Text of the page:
ST. PAUL, Minn. (AP) — The Minnesota Legislature wrapped up its work at midnight Sunday with the familiar last-minute flurry of votes and political machinations but surrounded by question marks, as Gov. Mark Dayton threatened to veto major tax and spending bills.
The ramifications of the latest round of gridlock at the Capitol could be huge, as the failure to enact a bill syncing Minnesota’s tax code with sweeping federal changes would create a massively complex tax filing season next year and hit hundreds of thousands of Minnesota families and some businesses with tax increases. Dayton’s veto of a budget bill would prevent new funding for schools to improve their security and efforts to boost oversight of senior care facilities — all deemed top priorities throughout the spring.
In the final 30 minutes before the deadline, the House and Senate held rapid-fire votes with little discussion, including on a bill that would authorize $1.5 billion in public works projects and another shoring up public worker pension accounts. Lawmakers also repassed a bill with money funding opioid abuse prevention and treatment, with GOP senators hastily explaining that it made several corrections to provisions previously included in the broader budget package.
“This is no way to run a circus. This is ridiculous,” Democratic Sen. Tony Lourey said late Sunday night.
In the end, Dayton and Republicans who control the Legislature deadlocked more over approach than subjects. Dayton insisted that many of those priorities travel in separate bills, while the Legislature stuffed a nearly 1,000-page budget bill full of both controversial policies and some of Dayton’s spending priorities. Their tax bill, with modest income tax rate cuts for many Minnesotans, was coupled with one of Dayton’s top requests: additional public school funding for districts suffering budget shortfalls.
Rather than work out their differences, Dayton and Republicans spent the final hours trading blame in dueling news conferences for the rocky ending to the legislative session. House Speaker Kurt Daudt and fellow GOP legislative leaders accused Dayton of abandoning negotiations.
Dayton lashed out at Republicans, calling their legislative maneuvering “vile and disgusting” and suggesting they were geared toward election wins. With just three hours remaining in session, he issued a clear warning to lawmakers.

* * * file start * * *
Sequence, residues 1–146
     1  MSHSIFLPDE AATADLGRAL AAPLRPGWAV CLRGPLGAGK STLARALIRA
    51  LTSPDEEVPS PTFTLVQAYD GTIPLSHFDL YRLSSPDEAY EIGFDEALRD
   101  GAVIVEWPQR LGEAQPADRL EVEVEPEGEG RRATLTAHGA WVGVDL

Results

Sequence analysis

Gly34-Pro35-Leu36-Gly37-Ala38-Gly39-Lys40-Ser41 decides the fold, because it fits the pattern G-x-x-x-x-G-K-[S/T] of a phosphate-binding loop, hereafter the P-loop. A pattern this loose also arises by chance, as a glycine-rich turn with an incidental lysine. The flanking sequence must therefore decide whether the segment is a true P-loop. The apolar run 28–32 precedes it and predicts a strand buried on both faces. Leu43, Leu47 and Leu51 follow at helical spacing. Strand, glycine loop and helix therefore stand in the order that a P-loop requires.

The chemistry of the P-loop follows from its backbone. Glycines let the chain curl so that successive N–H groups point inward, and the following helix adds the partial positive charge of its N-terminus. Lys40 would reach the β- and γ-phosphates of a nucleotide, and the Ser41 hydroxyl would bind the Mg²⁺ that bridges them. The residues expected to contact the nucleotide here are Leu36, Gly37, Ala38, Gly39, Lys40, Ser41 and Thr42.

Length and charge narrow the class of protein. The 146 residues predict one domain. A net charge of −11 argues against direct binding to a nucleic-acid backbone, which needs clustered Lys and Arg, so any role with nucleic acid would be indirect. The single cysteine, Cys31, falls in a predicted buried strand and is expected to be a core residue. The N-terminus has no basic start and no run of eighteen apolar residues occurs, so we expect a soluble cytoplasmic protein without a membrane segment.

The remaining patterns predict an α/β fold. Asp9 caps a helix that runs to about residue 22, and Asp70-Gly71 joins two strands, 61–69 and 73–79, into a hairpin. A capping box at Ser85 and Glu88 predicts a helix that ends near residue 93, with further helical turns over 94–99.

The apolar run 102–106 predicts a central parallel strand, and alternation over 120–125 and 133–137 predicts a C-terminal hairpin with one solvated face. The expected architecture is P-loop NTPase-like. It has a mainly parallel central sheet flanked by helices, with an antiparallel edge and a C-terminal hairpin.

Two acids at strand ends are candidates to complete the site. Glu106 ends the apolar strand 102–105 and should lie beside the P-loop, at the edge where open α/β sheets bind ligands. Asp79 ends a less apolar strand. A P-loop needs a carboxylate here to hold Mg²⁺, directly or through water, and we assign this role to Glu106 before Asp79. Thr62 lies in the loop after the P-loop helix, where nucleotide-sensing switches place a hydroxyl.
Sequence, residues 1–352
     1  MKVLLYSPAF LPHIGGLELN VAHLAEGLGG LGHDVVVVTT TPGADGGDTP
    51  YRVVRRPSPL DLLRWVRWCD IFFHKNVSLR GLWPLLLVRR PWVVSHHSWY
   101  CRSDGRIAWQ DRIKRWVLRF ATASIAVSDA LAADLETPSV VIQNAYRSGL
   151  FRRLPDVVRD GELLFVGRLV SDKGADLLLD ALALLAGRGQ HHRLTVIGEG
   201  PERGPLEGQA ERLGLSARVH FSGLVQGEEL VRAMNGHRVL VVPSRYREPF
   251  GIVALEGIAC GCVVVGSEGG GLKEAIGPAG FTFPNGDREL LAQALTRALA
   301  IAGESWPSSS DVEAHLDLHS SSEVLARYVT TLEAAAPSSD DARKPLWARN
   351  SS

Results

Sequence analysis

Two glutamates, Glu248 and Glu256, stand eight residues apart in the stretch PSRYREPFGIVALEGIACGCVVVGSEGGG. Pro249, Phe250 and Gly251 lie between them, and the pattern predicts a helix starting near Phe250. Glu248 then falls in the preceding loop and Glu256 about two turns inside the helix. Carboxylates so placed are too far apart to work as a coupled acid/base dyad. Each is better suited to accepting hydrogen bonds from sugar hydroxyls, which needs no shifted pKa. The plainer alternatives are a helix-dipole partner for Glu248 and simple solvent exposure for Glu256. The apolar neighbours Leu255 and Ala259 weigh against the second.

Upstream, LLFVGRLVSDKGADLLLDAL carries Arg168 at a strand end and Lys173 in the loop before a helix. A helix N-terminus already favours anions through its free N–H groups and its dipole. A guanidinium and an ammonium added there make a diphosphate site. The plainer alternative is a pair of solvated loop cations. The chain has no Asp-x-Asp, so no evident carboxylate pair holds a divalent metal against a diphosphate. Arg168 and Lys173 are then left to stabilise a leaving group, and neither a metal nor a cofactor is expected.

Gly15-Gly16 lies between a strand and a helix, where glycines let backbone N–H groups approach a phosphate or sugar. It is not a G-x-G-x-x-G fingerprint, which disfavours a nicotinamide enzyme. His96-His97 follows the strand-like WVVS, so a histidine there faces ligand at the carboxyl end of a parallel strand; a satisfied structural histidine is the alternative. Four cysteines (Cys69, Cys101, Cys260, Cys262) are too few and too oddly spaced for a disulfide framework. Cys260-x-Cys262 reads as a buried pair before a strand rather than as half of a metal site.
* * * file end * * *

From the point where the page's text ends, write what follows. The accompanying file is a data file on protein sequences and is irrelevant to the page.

“If they come to me the way they are now, I will veto them,” Dayton said. “It’s been a debacle, a debacle of their creation.”
The Legislature was constitutionally required to stop passing bills at midnight Sunday, but a final verdict on the session may take days. Despite his veto threat, Dayton has 14 days to decide whether to sign bills.
Senate Majority Leader Paul Gazelka held out hope that Dayton would reconsider and sign the bills after weighing the importance of conforming the tax code, funding for schools and security improvements, and opioid abuse control.
“I think as he looks into it, I’m hoping that he will consider the ramifications,” Gazelka said. “I think the ramifications are too large.”
The usual deadline pressure at the Legislature wasn’t as acute this year, as lawmakers already approved a two-year budget last year. And only the House is up for re-election this year — Dayton is leaving office after two terms, and state senators won’t face voters again until 2020. But the stakes were still high.
State officials were focused on trying to forestall incidental tax hikes on families and businesses due to the federal tax overhaul. And the mismatch between state and federal tax codes threatened to make tax filing in 2019 a logistical nightmare for all taxpayers.
Republicans who control the Legislature took two tries at a tax bill. Their proposal would sync the two tax codes while modestly cutting income tax rates on the two lowest tax brackets. Dayton vetoed the first bill last week, demanding that the Legislature first help 59 Minnesota school districts fill budget shortfalls and penalize companies moving foreign profits back into the state more harshly.
The GOP House and Senate responded by folding some school funding into an otherwise unchanged tax bill, which they passed to Dayton’s desk Sunday afternoon. But Dayton and his administration made clear Sunday night that funding still fell far short.
Much of the $225 million that Republicans have proposed to help schools came from allowing districts to shift existing funding for community programming and teacher training to solve their budget woes. Another $50 million would come from forcing the Department of Natural Resources to repay for using schools’ land.
“This is merely a shell game or a transfer of money,” said Sen. Chuck Wiger, a Democrat from Maplewood. “It’s a gimmick.”
The session’s final hours were punctuated with a dramatic flair, as the House attempted a rare override of one of Dayton’s previous vetoes, on a bill reimbursing the local licensing offices that have struggled since the launch of the state’s new driver registration system called MNLARS. It was just the second attempt of Dayton’s eight years in office.
It fell 11 votes short of the two-thirds majority needed to override the governor, with just a few Democrats joining Republicans to support overturning Dayton’s veto.
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